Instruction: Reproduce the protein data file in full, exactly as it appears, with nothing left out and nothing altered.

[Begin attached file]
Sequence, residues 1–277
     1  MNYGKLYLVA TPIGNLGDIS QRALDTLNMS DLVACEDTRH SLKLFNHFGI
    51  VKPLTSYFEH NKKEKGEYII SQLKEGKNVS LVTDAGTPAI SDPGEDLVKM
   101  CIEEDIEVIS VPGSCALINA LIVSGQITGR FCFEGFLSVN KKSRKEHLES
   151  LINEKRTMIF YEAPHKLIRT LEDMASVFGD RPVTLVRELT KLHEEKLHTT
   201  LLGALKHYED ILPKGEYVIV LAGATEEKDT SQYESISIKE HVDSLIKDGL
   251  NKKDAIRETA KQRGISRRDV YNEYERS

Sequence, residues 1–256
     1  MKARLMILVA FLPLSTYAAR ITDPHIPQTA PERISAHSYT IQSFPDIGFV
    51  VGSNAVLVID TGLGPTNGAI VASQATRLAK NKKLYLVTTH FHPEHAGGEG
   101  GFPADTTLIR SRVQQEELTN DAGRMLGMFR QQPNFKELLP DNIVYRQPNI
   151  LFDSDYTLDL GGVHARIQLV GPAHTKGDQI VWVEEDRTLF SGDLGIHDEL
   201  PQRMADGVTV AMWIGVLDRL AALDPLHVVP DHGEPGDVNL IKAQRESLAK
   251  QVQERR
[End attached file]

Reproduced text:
Sequence, residues 1–277
     1  MNYGKLYLVA TPIGNLGDIS QRALDTLNMS DLVACEDTRH SLKLFNHFGI
    51  VKPLTSYFEH NKKEKGEYII SQLKEGKNVS LVTDAGTPAI SDPGEDLVKM
   101  CIEEDIEVIS VPGSCALINA LIVSGQITGR FCFEGFLSVN KKSRKEHLES
   151  LINEKRTMIF YEAPHKLIRT LEDMASVFGD RPVTLVRELT KLHEEKLHTT
   201  LLGALKHYED ILPKGEYVIV LAGATEEKDT SQYESISIKE HVDSLIKDGL
   251  NKKDAIRETA KQRGISRRDV YNEYERS

Sequence, residues 1–256
     1  MKARLMILVA FLPLSTYAAR ITDPHIPQTA PERISAHSYT IQSFPDIGFV
    51  VGSNAVLVID TGLGPTNGAI VASQATRLAK NKKLYLVTTH FHPEHAGGEG
   101  GFPADTTLIR SRVQQEELTN DAGRMLGMFR QQPNFKELLP DNIVYRQPNI
   151  LFDSDYTLDL GGVHARIQLV GPAHTKGDQI VWVEEDRTLF SGDLGIHDEL
   201  PQRMADGVTV AMWIGVLDRL AALDPLHVVP DHGEPGDVNL IKAQRESLAK
   251  QVQERR